Hi to you. I am assuming you found my site and are starting to scroll through it with the intention of reading something of mine or at least to look for a post with funny pictures. On that last, I’m sure I can accommodate you somehow. But for now let me state the reason for this post.
Ask yourself, how often does someone or something really surprise you or take you off guard? In this deranged society overflowing with self-absorbed personas, when do you notice something good? I know there is a constant barrage of negative things but are you like me and feel almost stunned when you hear something good? That happened to me yesterday and of all the places, it happened while a guy was jabbing me repeatedly to make me bleed. Of course I am talking about the chair inside the Ragtime Tattoo shop off of Morganford in the city (St Louis). The man responsible for causing my blood to leak from my body was my tattoo artist Matt Hodel. Fun fact: In addition to running Ragtime Tattoo, he also is a family man who produces his own podcast (Bastards of Art).
While Matt was working on the second session of my left arm for over two hours, we got to talking. Our random topics talks are a pretty normal occurrence. When I come to Matt’s shop, we tend to discuss: music, art, culture, society issues, family and whatnot. As I mentioned on my latest personal podcast episode (The Freak Show on the Podbean app), Matt is more than my tattoo guy. He takes on the role of philosopher, psychiatrist and therapist (I would say bartender but there’s no drinking alcohol to be had there). As we catch up on things from a month ago or discuss different life situations, he will invariably ask about creative outlets. He knows I write a blog and produce my own podcast but this time he ventured to probe a bit deeper. He asked the age old question that typically gets trotted out at a job interview: Where do you see yourself in 10 years?
I have heard this question and its variations many times in an interview environment but to hear it in a casual conversation, it threw me off for a second. After a five second pause, I answered honestly. I said I would like to be published on a larger scale than just short stories by then. He immediately asked me what was stopping me. Again I answered honestly. I said with a laugh, and I quote, “I’m lazy”.
He stopped and pushed back from sticking ink into my arm and shook his head. His expression was flabbergasted. He then proceeded to tell me that “I’m just waiting to die”. He said, “Some of us have gifts that others don’t have and they are jealous of those gifts and what we can do. We are only renting them (you know?) because we only have so much time.” I understood and acknowledged his point. As he rolled back to me and began to work on the tattoo again he said, “You can write. I’ve read your blog. You shouldn’t let laziness keep you from doing what you really want to do.” He also said something to the effect of: People are only willing to do small things in case it turns out to be a small failure. People are afraid to do something big because it could become a big failure. The conversation hit on more points about trying things but sometimes out of failure comes the greatest achievements.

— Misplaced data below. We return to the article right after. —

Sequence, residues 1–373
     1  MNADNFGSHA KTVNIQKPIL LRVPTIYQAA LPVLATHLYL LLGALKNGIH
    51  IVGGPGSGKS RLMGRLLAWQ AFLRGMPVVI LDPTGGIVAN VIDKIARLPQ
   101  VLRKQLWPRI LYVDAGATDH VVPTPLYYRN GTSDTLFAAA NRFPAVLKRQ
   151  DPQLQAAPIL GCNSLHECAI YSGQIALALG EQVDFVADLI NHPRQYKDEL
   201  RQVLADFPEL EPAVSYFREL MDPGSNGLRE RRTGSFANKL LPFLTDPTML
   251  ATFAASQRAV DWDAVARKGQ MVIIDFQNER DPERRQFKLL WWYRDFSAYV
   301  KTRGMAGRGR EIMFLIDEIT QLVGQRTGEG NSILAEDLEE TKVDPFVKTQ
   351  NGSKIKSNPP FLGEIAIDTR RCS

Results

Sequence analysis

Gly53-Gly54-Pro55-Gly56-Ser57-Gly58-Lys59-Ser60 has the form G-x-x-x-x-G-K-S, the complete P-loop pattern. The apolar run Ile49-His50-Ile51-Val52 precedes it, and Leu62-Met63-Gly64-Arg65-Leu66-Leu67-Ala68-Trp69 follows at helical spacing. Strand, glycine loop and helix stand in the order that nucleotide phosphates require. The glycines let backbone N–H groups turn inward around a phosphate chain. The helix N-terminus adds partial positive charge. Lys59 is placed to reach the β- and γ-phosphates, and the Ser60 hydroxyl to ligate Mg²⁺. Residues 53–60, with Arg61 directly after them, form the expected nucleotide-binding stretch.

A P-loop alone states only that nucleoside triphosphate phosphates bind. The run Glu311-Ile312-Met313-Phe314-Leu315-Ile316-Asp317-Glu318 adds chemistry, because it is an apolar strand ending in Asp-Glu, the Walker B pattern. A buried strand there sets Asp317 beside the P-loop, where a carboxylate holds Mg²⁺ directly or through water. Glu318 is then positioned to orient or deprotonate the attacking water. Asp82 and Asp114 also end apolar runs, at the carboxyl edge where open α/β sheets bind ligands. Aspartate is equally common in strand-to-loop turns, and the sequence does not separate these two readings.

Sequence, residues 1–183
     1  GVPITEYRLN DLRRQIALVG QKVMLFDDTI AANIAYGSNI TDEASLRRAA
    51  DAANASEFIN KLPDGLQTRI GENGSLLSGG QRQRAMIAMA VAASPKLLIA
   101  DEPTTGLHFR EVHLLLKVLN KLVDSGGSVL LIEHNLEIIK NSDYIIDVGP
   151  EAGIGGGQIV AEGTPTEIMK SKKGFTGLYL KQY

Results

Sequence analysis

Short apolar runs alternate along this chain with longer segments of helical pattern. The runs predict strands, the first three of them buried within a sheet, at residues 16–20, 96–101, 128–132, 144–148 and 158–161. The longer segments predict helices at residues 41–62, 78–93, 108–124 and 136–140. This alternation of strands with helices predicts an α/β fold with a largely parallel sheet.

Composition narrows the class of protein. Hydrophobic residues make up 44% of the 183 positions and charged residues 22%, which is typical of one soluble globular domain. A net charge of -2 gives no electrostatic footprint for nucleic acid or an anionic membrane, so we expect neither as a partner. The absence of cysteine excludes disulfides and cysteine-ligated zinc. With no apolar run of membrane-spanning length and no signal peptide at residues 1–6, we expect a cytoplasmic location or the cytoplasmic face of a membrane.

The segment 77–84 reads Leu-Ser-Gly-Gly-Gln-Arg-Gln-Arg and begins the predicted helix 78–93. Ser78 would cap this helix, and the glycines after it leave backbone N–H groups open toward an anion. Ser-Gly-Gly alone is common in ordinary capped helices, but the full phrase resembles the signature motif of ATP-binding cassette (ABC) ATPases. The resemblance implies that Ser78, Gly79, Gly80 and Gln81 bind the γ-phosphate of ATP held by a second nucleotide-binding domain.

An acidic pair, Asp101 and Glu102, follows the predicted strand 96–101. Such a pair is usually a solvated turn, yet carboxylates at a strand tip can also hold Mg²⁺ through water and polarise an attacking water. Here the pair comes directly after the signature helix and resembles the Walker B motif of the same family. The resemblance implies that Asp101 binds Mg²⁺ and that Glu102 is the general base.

Not lost on me was the fact that he had paid me a compliment. And a pretty good one too as far as I’m concerned. Matt is never short on opinions or viewpoints. So I know there was no ulterior motive in him acknowledging that he thinks I can write based on his own first-hand experience reading my work. That small straightforward compliment was all it took to make me feel ashamed. Like five year boy old who made his mom cry ashamed. There is not much in this world that I can say I do very well. But if pressed to name something that I do better than anything else, I would say it would be writing. I’m not saying I could rap battle Eminem into a crying fetal position but I can tell a story or relay an instance and it’s not always sucky to read. Pretty poetic huh?
So I left his tattoo shop with something to carry with me. First, I had a nice fourth tattoo on my upper body area and second, a virtual feather in my cap that another artist recognized something in my word craft worth complimenting. I have written about my experiences with Matt and his tattoos before. Heck I have even quasi-inspired him to draft a blog piece of his own about not judging outward appearances for a potential customer.
On the wings of my tattoo piece (my tattoo literally has wings), I will try to make a more concerted effort to work on what I do best to make it better, for better or worse. Matt was right, not everything is going to be stellar but by letting it out will eventually make the good ones even better.